To extract the prosodic information from a TSR, call the effective method. It will combine the prosodic adjustments present at all the levels of description above the current unit.

Class text

This class represents a logical line-oriented text file. It handles things like the @include directive, backslash-escaped special characters, initial whitespace and comment stripping. It is used for rule files, configuration files, and also for the dictionaries.

Class file

This class represents a physical data file. Its main purpose is to cache and share files repeatedly needed by Epos. The claim function (to be found in should be used for opening the file (or only sharing an existing copy if the file is already open) and reading the data out of the file. The unclaim function is called separately for every claim call whenever the file is no more needed.

Any code which uses this class should never extract the data member out of it and use it independently, even if the class itself remains claimed. This is because if the content of the file has changed, the data in memory will be reallocated and re-read upon the next call to claim or possibly even sooner. This may cause invalidation of the original data member at any point of a control switch to another Epos agent. It is possible to call reclaim at any time to force re-reading any file if its time stamp has changed.

Class hash

class hash is derived from class hash_table<char,char>. The hash_table template is a generic hash table, keys and associated data items being its class parameters. This implementation uses balanced (AVL) trees to resolve collisions and is able to adjust (rehash) itself when it gets too full or too sparse. It is a very robust and fast implementation and it is independent of the rest of Epos, so you may use it in other projects if you want to (subject to GPL). If you want to have the hash table keep a copy of its contents, the key and/or data may only be of a fixed size type, or a C-style string. Alternatively, the hash table will only store pointers to these items. These approaches can be mixed in any reasonable sense of "mixing".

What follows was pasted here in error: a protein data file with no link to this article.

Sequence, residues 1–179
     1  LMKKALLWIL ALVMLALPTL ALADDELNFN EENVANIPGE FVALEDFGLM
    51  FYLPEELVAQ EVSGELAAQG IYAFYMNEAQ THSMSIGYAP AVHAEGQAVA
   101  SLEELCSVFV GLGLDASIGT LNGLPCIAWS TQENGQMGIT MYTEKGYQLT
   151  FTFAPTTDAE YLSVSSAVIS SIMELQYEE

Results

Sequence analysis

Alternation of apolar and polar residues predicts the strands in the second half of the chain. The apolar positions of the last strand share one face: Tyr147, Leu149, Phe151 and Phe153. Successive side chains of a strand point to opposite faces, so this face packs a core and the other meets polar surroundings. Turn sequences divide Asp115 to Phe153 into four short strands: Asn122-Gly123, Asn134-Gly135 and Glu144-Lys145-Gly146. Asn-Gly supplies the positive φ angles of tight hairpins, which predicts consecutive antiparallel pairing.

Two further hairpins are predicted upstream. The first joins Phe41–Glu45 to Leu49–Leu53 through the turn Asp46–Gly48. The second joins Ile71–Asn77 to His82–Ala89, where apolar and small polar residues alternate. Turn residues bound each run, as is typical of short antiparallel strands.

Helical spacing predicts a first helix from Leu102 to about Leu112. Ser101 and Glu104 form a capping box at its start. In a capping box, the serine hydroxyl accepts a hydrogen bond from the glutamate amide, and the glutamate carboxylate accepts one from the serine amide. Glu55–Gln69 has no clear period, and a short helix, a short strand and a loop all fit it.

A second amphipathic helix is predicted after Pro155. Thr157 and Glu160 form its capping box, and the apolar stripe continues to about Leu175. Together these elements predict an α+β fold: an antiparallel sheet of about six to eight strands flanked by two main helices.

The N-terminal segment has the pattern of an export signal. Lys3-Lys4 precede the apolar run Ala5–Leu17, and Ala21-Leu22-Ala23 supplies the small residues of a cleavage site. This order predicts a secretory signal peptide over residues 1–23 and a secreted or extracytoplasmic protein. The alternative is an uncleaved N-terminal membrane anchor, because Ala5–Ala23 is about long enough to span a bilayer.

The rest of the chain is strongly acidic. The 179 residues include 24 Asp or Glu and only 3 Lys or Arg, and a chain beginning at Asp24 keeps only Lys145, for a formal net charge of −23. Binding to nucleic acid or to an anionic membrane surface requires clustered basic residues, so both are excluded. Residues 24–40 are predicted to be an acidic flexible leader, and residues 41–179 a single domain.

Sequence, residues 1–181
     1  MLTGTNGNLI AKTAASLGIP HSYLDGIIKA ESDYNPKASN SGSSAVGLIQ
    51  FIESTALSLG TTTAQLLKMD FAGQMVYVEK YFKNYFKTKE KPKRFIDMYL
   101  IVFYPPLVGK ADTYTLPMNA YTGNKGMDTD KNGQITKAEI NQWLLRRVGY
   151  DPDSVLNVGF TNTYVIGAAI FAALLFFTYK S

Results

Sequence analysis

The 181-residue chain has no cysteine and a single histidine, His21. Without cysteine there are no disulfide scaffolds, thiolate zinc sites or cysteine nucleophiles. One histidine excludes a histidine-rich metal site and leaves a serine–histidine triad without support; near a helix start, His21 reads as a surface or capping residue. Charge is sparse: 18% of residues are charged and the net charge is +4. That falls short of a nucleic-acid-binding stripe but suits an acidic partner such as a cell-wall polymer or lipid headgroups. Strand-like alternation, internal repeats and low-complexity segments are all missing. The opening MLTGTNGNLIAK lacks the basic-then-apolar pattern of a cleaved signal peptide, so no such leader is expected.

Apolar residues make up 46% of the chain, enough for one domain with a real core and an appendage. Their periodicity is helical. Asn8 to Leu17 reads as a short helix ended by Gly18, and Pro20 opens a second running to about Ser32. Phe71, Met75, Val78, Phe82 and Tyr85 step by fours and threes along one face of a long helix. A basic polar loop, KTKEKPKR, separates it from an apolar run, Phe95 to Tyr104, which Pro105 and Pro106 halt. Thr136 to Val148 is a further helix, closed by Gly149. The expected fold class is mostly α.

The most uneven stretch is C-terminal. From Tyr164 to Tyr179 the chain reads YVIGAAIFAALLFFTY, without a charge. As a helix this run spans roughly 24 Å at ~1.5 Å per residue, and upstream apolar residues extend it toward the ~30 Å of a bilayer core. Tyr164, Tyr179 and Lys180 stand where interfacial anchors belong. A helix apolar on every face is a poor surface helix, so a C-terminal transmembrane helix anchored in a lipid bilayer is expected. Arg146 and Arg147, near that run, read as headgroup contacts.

The hash tables are used frequently in Epos in various type combinations (see for a list. They're also used for parsing the dictionary files.

Class rules

Note the difference between class rules and class rule. Every set of rules in Epos (there is one per language) is a class rules, which contains a single r_block, which in turn contains the individual rules. The class rules serves as the only communication interface between the rule hierarchy and the rest of Epos, but there is no inheritance relation between them.

8.3 Class Hierarchies

Class rule

Each rule object represents a rule to be applied to a structure of units. The class hierarchy:


Classes not beginning in r_ can be considered abstract.

Class agent